How to create a swap file in linux
zip [-aABcdDeEfFghjklLmoqrRSTuvVwXyz!@$ ] [-b path ] [-n suffixes ] [-t mmddyyyy ] [-tt mmddyyyy ] [ zipfile [ file1 file2. ]] [-xi list ]
zipcloak [-dhL ] [-b path ] zipfile
zipnote [-hwL ] [-b path ] zipfile
zipsplit [-hiLpst ] [-n size ] [-b path ] zipfile
zip is a compression and file packaging utility for Unix, VMS, MSDOS, OS/2, Windows NT, Minix, Atari and Macintosh, Amiga and Acorn RISC OS.
It is analogous to a combination of the UNIX commands tar (1) and compress (1) and is compatible with PKZIP (Phil Katz's ZIP for MSDOS systems).
A companion program (unzip (1L)), unpacks zip archives. The zip and unzip (1L) programs can work with archives produced by PKZIP, and PKZIP and PKUNZIP can work with archives produced by zip. zip version 2.3 is compatible with PKZIP 2.04. Note that PKUNZIP 1.10 cannot extract files produced by PKZIP 2.04 or zip 2.3. You must use PKUNZIP 2.04g or unzip 5.0p1 (or later versions) to extract them.
For a brief help on zip and unzip, run each without specifying any parameters on the command line.
The program is useful for packaging a set of files for distribution; for archiving files; and for saving disk space by temporarily compressing unused files or directories.
The zip program puts one or more compressed files into a single zip archive, along with information about the files (name, path, date, time of last modification, protection, and check information to verify file integrity). An entire directory structure can be packed into a zip archive with a single command. Compression ratios of 2:1 to 3:1 are common for text files. zip has one compression method (deflation) and can also store files without compression. zip automatically chooses the better of the two for each file to be compressed.
When given the name of an existing zip archive, zip will replace identically named entries in the zip archive or add entries for new names. For example, if fooz.zip exists and contains foo/file1 and foo/file2. and the directory foo contains the files foo/file1 and foo/file3. then: zip -r fooz foo
will replace foo/file1 in fooz.zip and add foo/file3 to fooz.zip. After this, fooz.zip contains foo/file1. foo/file2. and foo/file3. with foo/file2 unchanged from before.
If the file list is specified as -@. [Not on MacOS] zip takes the list of input files from standard input. Under UNIX, this option can be used to powerful effect in conjunction with the find (1) command. For example, to archive all the C source files in the current directory and its subdirectories: find. -name "*.[ch]" -print | zip source -@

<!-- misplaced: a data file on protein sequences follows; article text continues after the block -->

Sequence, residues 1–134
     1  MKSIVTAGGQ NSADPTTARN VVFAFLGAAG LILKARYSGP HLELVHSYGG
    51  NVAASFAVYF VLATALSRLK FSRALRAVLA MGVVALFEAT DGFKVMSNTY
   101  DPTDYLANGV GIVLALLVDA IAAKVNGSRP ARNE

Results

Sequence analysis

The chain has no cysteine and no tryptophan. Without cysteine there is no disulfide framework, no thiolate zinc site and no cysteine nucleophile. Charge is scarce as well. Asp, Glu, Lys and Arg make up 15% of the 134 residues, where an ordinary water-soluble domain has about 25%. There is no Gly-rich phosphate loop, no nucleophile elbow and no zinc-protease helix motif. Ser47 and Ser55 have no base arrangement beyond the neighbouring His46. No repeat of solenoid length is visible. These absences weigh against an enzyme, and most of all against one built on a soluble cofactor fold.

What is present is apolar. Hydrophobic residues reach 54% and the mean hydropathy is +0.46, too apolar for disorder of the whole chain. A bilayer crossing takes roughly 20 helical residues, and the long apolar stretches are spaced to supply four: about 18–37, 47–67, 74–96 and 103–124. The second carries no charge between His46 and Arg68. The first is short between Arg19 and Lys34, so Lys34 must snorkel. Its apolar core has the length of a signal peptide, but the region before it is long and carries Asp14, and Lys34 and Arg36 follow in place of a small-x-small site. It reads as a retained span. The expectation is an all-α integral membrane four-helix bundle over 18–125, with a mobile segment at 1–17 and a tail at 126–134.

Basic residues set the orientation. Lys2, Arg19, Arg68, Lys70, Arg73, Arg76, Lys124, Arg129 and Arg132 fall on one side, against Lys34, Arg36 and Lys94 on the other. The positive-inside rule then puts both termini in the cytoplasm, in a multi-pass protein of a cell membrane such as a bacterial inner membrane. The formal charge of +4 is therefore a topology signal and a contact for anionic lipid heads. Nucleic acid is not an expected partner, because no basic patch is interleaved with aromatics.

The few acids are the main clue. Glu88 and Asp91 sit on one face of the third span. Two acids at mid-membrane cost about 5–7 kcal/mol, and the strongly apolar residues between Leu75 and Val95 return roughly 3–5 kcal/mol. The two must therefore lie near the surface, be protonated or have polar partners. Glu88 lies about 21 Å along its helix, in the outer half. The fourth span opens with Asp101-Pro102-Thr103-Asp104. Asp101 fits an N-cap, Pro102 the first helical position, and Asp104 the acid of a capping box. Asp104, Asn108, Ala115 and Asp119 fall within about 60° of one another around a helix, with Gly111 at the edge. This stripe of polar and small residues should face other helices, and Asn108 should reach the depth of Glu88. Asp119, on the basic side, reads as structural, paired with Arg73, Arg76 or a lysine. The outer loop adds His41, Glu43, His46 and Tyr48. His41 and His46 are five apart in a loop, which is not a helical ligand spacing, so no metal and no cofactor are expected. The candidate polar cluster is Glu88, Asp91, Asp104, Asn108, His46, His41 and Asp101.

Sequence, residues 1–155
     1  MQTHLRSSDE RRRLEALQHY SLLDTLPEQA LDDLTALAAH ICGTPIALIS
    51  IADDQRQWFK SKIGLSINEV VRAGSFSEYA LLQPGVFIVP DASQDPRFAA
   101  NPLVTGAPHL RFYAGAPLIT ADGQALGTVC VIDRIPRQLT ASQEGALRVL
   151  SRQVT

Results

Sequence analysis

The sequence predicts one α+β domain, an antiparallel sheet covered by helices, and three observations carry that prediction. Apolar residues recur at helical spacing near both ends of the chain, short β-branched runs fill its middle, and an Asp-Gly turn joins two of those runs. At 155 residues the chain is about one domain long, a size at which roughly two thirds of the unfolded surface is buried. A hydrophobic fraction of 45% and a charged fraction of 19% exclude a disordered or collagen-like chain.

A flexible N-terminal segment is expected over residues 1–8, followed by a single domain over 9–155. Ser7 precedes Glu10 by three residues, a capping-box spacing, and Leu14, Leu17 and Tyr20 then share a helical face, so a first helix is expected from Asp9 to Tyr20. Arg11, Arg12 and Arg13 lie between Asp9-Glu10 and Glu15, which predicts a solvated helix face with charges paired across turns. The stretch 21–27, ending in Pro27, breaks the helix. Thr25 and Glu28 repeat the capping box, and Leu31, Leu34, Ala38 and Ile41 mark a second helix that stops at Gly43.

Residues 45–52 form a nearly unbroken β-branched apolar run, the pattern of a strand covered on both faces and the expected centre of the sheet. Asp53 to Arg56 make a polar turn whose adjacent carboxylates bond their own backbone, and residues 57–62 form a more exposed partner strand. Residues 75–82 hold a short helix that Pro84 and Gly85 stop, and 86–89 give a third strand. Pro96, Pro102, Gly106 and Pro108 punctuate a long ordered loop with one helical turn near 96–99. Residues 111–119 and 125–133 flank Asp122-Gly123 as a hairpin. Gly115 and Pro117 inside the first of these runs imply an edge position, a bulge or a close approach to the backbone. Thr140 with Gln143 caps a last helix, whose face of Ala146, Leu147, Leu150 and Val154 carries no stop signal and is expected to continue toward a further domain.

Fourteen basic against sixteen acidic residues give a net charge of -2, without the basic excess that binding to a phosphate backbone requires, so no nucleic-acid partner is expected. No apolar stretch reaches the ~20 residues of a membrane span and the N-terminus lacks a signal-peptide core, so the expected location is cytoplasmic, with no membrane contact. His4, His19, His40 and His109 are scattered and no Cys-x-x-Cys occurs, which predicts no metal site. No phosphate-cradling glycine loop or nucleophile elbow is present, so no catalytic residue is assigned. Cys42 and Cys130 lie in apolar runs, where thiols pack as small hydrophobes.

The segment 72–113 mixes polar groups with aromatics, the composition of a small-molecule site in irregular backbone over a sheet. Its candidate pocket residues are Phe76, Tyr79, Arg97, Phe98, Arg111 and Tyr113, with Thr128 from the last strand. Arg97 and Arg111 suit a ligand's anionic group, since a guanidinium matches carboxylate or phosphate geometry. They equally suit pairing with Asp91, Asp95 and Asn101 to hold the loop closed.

(note that the pattern must be quoted to keep the shell from expanding it). zip will also accept a single dash ("-") as the zip file name, in which case it will write the zip file to standard output, allowing the output to be piped to another program. For example: zip -r -. | dd of=/dev/nrst0 obs=16k
would write the zip output directly to a tape with the specified block size for the purpose of backing up the current directory.
zip also accepts a single dash ("-") as the name of a file to be compressed, in which case it will read the file from standard input, allowing zip to take input from another program. For example: tar cf -. | zip backup -
would compress the output of the tar command for the purpose of backing up the current directory. This generally produces better compression than the previous example using the -r option, because zip can take advantage of redundancy between files. The backup can be restored using the command unzip -p backup | tar xf -
When no zip file name is given and stdout is not a terminal, zip acts as a filter, compressing standard input to standard output. For example, tar cf -. | zip | dd of=/dev/nrst0 obs=16k
is equivalent to tar cf -. | zip - - | dd of=/dev/nrst0 obs=16k
zip archives created in this manner can be extracted with the program funzip which is provided in the unzip package, or by gunzip which is provided in the gzip package. For example:
dd if=/dev/nrst0 ibs=16k | funzip | tar xvf -
When changing an existing zip archive, zip will write a temporary file with the new contents, and only replace the old one when the process of creating the new version has been completed without error.
If the name of the zip archive does not contain an extension, the extension .zip is added. If the name already contains an extension other than .zip the existing extension is kept unchanged.
-a [Systems using EBCDIC] Translate file to ASCII format. -A Adjust self-extracting executable archive. A self-extracting executable archive is created by prepending the SFX stub to an existing archive. The -A option tells zip to adjust the entry offsets stored in the archive to take into account this "preamble" data.